How Tenants Are Surviving These Tough Economic Times

As we all realize, tough economic times require tough decisions. In talking with many tenants and other advisors, the below is a summary of how tenants are surviving these challenging economic times.

If one needs to cut to the chase, the reality is most tenants are doing what they can to cut costs. This includes selective layoffs of non-key or essential employees, while at the same time, asking the rest of the team to handle the extra load, if there is any. I know of one company who has a total clerical and managerial staff of eight staff members, not including the twenty-five plus sales reps. While it was a very difficult decision, one of the clerical staff needed to be let go. The other staff members have had to increase their individual responsibilities in order to cover the downsized employee’s work load.

I recently spoke with another company that had a total staff of 35 people, occupied over 26,000 square feet in an office building and was required, due to funding sources, to reduce their operating costs by 50%. The subsequently have 15 employees and are attempting to sublease half of their space. Which brings me to the next strategy tenants are employing, subleases.

Subleasing is never the ideal situation if you plan on occupying a portion of your space and subleasing the remainder. Most tenants would prefer not to share space with another tenant if they have the choice. Security, privacy, pilferage issues, and many other concerns need to be addressed prior to making the decision to sublease a portion of the space. Unfortunately, it is often not practical to sublease a portion of the space as it cannot be easily reconfigured to provide adequate ingress and egress, individual control of the HVAC and other systems, including telephone and computer networks. It is also extremely important for the Sublessor (Tenant who is subleasing the space to another tenant) to react sooner than later. A very valued client of mine saw their business decrease dramatically and realized early on that they were going to need to sublease some space. I advised the client to go back to their Master Lessor to see if they would be willing to take the space back. My thought was, you never know unless you ask. It was determined that the Master Lessor did not want the space back, but would cooperate with the tenant in their hunt for a sublessee. The tenant chose not to actively market the space through a real estate professional, but to attempt to sublease space on their own. The problem with that philosophy is that in the event the tenant’s respective subtenant bailed, much valuable time was lost in the marketing of this space. As luck would have it, the sublessor’s perspective sublessee did go away. The space is now on the market for sublease to the general public. When there is such a glut of available space on the market and the activity level has diminished, it is prudent to offer prospective tenants and their representatives increased motivation to lease the space. Concessions that are common during these economic times include rental abatement or free rent, lower market lease rates, fixed operating expense pass throughs or none at all, leasing incentives for procuring brokers, fees to be spent on tenant improvements within the space, and other leasing incentives.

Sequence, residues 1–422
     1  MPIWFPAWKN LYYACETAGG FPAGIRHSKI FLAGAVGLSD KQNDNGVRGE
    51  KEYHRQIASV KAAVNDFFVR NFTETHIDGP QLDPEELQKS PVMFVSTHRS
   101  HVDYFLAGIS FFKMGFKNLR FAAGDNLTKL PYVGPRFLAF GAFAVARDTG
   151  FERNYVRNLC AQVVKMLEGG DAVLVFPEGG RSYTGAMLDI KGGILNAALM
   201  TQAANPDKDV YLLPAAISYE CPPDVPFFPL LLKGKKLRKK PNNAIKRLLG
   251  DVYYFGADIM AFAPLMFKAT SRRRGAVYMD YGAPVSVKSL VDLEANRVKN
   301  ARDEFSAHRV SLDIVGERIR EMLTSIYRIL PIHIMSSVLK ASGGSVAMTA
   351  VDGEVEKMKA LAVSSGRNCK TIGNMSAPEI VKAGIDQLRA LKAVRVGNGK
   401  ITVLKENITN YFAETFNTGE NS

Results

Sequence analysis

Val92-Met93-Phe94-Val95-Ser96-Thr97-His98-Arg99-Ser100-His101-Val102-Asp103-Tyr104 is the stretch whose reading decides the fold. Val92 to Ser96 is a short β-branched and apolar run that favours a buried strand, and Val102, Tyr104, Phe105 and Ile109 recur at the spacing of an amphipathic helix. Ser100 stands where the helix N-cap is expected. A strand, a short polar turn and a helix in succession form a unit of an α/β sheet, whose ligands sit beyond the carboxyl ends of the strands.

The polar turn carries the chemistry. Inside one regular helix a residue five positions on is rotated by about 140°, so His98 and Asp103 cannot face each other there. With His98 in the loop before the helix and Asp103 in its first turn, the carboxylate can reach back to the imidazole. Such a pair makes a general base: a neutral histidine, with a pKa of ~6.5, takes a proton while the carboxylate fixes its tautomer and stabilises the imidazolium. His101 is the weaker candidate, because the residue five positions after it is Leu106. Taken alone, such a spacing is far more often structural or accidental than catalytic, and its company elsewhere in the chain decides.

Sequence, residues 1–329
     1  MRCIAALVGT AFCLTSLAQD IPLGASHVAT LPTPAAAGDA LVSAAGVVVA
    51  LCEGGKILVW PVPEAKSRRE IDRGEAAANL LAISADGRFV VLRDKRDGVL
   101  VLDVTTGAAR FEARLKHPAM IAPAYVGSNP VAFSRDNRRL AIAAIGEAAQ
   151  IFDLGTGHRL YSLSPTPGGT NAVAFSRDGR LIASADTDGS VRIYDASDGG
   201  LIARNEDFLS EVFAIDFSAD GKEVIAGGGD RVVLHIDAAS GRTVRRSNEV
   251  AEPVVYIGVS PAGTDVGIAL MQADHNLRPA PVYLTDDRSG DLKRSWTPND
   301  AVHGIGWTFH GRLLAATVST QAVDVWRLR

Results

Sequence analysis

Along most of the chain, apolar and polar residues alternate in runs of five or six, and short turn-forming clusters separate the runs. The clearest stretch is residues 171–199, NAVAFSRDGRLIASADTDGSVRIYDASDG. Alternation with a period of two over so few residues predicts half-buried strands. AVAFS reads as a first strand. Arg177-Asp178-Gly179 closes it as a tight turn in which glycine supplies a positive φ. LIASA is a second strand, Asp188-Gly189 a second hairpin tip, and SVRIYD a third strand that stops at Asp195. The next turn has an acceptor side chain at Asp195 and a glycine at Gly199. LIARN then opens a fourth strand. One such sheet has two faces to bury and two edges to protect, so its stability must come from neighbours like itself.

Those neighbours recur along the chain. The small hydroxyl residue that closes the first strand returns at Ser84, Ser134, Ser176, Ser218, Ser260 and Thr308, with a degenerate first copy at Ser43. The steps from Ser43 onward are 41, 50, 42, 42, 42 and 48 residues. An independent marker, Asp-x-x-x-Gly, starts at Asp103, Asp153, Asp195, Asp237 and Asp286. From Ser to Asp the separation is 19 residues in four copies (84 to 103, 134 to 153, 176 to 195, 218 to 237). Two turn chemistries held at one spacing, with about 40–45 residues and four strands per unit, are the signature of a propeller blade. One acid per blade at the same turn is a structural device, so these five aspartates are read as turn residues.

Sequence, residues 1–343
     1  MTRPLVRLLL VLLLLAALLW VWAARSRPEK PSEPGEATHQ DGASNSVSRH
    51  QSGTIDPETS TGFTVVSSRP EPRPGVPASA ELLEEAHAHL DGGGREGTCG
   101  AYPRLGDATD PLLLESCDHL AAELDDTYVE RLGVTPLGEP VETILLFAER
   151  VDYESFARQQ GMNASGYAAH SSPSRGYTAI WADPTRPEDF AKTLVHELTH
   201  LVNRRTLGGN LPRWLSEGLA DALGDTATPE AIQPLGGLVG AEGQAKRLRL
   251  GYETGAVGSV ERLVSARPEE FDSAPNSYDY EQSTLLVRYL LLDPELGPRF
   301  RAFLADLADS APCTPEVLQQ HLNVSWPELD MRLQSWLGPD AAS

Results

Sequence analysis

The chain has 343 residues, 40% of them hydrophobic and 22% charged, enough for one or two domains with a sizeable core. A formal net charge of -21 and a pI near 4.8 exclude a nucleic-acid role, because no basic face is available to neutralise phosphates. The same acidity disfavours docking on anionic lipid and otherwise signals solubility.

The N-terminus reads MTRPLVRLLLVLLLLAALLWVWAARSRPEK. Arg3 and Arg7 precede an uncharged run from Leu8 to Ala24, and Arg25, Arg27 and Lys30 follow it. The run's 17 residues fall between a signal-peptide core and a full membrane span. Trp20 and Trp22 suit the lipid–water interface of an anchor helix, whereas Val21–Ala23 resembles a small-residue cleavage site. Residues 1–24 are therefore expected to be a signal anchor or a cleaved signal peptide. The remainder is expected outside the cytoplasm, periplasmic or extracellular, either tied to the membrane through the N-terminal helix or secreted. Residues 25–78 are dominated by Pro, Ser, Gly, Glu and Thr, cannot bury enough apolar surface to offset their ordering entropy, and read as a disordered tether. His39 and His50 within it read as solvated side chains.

Other areas that tenants are using to survive this market include shorter term leases. We are finding that tenants desiring to renew their existing lease are opting for a shorter period of time. There are benefits and detriments to this philosophy. The benefits include a lower long term risk for a lease obligation should the market conditions continue to worsen and subsequently force them out of business. This is extremely important to consider should one have a personal guaranty for the lease. Personal guaranties can often be avoided if the tenant submits a large security deposit or letter of credit. This gives the landlord some security that in the event the tenant defaults, the landlord has some months to re-tenant the space. It would not necessarily be considered an ideal situation for a landlord in that they are signing the long term lease for the long term cash flow and would prefer not to go through the re-tenanting expense. Other tenants are dramatically scrutinizing their expenses line item by line item. I have one client that reviewed its income statement and more specifically the expenses literally, line item by line item. The goal was to reduce expenses in each and every area by 20%. The client talked about saving money on copies, by limiting the number of copies people need to make. He also talked about eliminating one of the copiers which in effect forced employees to walk a little further in order to make a copy. They eliminated the bagels and donut expense with a healthier option of apples and oranges. This was primarily done as a morale builder. In an effort to reduce the number of employees being laid off, they took a survey to find out which employees would enjoy part-time work. They were able to scale back some full-time employees to part-time employees which saved the company money along with giving the employees their desired work schedule. Another way this company saved money was by bundling the telephone, computer, fax and other telecommunication services with one vender. They shopped around and found the best alternative for their particular business. They were about to cancel their 401K plan, but instead implemented a matching funds idea, which helped encourage the employees to save more money.

The reality of today’s marketplace is that employers, employees, and vendors need to work together to survive through these tough times. When everyone understands that we are all on the same team this economic downturn will be minimized.

One thought on “How Tenants Are Surviving These Tough Economic Times

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